History shows that the mass migration of Pacific communities to the US was often facilitated by the US itself. First, the aim to replace enslaved Africans with Chinese and South Asian laborers has led to migration that is closer to human trafficking rather than relocation to another state. Moreover, in the case of the colonization of the Philippines, the militarism ideology and imperialistic views resulted in a war that devastated the country. People had to escape poverty, and mass migration was a direct outcome of US foreign politics. Thus, expansionism, imperialism, and militarization are often facilitators of migration.
Mabalon, Dawn Bohulano. Little Manila Is in the Heart: The Making of the Filipina/O American Community in Stockton, California. Duke University Press, 2013.
Okihiro, Gary Y. Finding a Path Forward, Asian American and Pacific Islander National Historic Landmarks Theme Study. Edited by Franklin Odo, National Historic Landmarks Program, National Park Service, US Department of the Interior, 2017.
The Reconstruction Era In The United States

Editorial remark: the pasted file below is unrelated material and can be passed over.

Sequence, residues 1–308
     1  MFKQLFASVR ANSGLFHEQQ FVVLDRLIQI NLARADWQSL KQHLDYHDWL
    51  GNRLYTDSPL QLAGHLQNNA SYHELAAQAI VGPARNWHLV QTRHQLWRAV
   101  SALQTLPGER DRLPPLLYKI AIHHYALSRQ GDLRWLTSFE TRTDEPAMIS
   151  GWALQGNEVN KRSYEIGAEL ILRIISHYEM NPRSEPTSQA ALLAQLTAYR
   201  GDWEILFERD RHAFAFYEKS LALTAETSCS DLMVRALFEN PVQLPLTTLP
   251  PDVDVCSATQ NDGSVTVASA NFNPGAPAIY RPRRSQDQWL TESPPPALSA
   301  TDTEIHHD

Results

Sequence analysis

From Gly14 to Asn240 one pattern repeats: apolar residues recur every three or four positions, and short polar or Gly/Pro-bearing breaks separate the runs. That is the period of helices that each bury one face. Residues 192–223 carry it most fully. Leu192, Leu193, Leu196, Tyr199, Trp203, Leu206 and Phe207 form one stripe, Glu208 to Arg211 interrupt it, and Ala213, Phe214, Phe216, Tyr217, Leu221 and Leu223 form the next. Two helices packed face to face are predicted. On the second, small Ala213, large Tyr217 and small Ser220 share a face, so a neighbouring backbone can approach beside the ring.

The Reconstruction Era (1865-1877) was a period in the history of the United States after the Civil War, during which the reintegration of the losing southern states into the United States and the abolition of the slave system throughout the country took place. Ways to return the rebellious states to the Union were discussed even before the end of the Civil War (History, 2018). It was necessary to determine the future of the states themselves, the fate of the fighters against the federal government, and the situation of the formerly enslaved people. A supporter of the nation’s unity, Lincoln insisted on generosity to the vanquished, offering to restore their political rights and help them integrate into the new economic conditions (History, 2018). The amnesty was supposed to extend to all those who abandoned their old beliefs. The President proposed to return all states in which at least 10% of voters called on the federal government and supported the abolition of slavery to the Union. He considered it possible to endow the black population who fought for democracy with all civil rights in stages.